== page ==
5. Sounds like everyone has filled their boots with finches. Here in East Lincs I had one cock Chaffinch and that was in minute 57! Usually get up to 6 plus Goldfinch and Greenfinch. Lesser Redpoll is now extremely scarce around here. Anyone have a Hawfinch? We’ve totally lost them too, to be fair there were never many in the last 20 years.

  6. Hi Mark

    I always enjoy the act of going out into my garden and feeding the birds. It’s good to give nature a helping hand and in turn it is good for the soul. It doesn’t matter how big or small your garden is and that’s the beauty of nature watching – leave an area to go wild, add a few seed baring plants, bushes or just add a few hanging feeders and you’ll soon attract the birds and other wildlife. I think the Big Garden Bird Watch is a fantastic tool to encourage people, young and old and of all abilities to develop an interest in birds and appreciate their benefits and existence. I get so much pleasure out of watching and listening to our garden visitors and afterwards they always leave me with a sense of well being. After many years of feeding birds each day, you soon get to know your ‘regulars’ and their habits and you can sense their appreciation for those juicy sunflower hearts put out for them, especially on these cold frosty mornings.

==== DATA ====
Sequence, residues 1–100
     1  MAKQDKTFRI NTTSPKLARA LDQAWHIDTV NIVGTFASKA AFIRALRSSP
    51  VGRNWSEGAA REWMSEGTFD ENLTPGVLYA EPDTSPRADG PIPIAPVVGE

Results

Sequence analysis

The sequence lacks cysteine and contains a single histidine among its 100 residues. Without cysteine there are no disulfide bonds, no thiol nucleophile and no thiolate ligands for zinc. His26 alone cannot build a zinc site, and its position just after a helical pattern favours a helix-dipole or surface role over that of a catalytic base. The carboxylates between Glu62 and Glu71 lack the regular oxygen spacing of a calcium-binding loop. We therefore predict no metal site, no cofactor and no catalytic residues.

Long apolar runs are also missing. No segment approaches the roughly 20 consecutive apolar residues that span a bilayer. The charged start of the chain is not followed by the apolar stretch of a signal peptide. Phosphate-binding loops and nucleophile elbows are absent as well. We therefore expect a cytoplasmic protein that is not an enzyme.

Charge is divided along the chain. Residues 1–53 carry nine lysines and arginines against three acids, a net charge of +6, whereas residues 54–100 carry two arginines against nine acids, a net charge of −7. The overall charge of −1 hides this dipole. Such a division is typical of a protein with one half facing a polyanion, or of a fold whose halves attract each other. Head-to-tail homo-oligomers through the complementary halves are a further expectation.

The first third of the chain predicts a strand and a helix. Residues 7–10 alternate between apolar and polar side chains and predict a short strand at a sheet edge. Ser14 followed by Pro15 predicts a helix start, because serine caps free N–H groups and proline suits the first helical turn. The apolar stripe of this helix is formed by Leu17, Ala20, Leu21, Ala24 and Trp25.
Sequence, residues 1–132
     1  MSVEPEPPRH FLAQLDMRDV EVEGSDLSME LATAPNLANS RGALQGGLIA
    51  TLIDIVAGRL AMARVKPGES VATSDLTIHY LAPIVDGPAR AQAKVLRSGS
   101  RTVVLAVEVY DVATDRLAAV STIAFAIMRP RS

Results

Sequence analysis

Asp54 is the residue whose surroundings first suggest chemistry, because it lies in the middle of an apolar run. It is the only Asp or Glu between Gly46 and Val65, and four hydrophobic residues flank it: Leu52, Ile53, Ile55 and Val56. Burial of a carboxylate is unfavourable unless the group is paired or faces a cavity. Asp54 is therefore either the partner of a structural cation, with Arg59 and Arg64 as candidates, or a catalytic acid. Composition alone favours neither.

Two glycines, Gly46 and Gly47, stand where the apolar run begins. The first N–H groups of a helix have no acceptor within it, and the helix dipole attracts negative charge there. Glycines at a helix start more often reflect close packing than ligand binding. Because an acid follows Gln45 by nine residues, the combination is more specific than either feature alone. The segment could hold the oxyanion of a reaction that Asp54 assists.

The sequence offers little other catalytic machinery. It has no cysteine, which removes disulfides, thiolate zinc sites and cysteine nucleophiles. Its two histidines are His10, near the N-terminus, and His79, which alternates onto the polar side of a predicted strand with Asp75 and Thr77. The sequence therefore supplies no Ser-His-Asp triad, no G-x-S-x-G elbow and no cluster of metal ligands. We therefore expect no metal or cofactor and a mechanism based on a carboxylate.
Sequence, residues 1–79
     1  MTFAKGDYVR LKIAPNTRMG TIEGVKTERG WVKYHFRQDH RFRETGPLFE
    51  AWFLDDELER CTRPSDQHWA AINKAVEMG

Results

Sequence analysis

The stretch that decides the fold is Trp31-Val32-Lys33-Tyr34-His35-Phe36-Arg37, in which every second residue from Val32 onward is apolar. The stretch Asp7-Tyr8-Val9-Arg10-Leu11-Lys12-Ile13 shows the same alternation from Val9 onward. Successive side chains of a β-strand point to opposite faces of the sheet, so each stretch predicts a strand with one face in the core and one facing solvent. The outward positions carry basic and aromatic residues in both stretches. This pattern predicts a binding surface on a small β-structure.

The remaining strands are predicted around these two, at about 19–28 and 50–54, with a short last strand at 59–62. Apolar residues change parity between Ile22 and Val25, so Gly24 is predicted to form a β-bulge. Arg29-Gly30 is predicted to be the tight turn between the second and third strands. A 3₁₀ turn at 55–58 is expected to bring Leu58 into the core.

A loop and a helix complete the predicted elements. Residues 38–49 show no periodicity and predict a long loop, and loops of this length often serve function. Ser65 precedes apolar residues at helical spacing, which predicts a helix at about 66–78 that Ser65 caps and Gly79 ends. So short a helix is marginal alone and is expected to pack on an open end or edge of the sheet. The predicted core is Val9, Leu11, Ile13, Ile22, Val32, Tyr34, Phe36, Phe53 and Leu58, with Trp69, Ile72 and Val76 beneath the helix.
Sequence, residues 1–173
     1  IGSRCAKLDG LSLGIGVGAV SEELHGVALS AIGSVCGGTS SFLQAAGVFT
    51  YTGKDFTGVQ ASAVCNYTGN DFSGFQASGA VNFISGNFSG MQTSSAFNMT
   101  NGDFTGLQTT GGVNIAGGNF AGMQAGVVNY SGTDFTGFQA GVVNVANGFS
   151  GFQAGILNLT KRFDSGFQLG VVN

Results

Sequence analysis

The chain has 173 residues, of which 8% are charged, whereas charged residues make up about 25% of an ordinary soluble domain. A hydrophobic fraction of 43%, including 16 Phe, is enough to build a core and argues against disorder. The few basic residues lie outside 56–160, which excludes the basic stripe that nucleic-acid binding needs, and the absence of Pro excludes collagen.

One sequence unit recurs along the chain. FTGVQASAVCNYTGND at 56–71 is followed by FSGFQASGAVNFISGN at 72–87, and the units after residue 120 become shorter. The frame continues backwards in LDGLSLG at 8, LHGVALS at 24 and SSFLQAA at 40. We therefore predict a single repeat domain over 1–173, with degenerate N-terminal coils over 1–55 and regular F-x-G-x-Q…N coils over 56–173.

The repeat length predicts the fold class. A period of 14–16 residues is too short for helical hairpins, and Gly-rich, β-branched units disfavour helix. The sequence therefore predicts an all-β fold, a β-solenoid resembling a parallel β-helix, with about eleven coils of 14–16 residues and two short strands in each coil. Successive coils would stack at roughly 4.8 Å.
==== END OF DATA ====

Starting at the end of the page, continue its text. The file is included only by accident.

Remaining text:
This year my bird count seemed to go very quickly. My regulars as I call them include House Sparrows, Chaffinch, Goldfinch Robins, Black Birds, Collard Doves and Greenfinch all came in and out regularily throughout the hour. None of which I take for granted mind, especially after the snow we’d had the evening before, but I think it’s a good sign that these are my regular garden bird species and perhaps indicates we have a stable no’ in and around the neighbourhood here in Calderdale. I get the occasional Wren now and then, plus lots of Starlings too. But more surprisingly this year I have had a large number of Song Thrush visiting. During the count we had 3 on the garden at one point which is quite unusual. I have noticed more Song Thrush in the neighbourhood this January than the last couple of winters and so I do hope this a good sign and hopefully, numbers are increasing locally.